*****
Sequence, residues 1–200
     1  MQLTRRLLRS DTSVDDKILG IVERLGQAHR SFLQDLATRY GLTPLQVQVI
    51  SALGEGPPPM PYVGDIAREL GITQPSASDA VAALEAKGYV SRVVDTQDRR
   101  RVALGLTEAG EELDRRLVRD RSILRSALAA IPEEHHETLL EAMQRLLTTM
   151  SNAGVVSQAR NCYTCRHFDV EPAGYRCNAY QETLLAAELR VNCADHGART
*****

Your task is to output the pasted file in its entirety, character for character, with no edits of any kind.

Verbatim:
Sequence, residues 1–200
     1  MQLTRRLLRS DTSVDDKILG IVERLGQAHR SFLQDLATRY GLTPLQVQVI
    51  SALGEGPPPM PYVGDIAREL GITQPSASDA VAALEAKGYV SRVVDTQDRR
   101  RVALGLTEAG EELDRRLVRD RSILRSALAA IPEEHHETLL EAMQRLLTTM
   151  SNAGVVSQAR NCYTCRHFDV EPAGYRCNAY QETLLAAELR VNCADHGART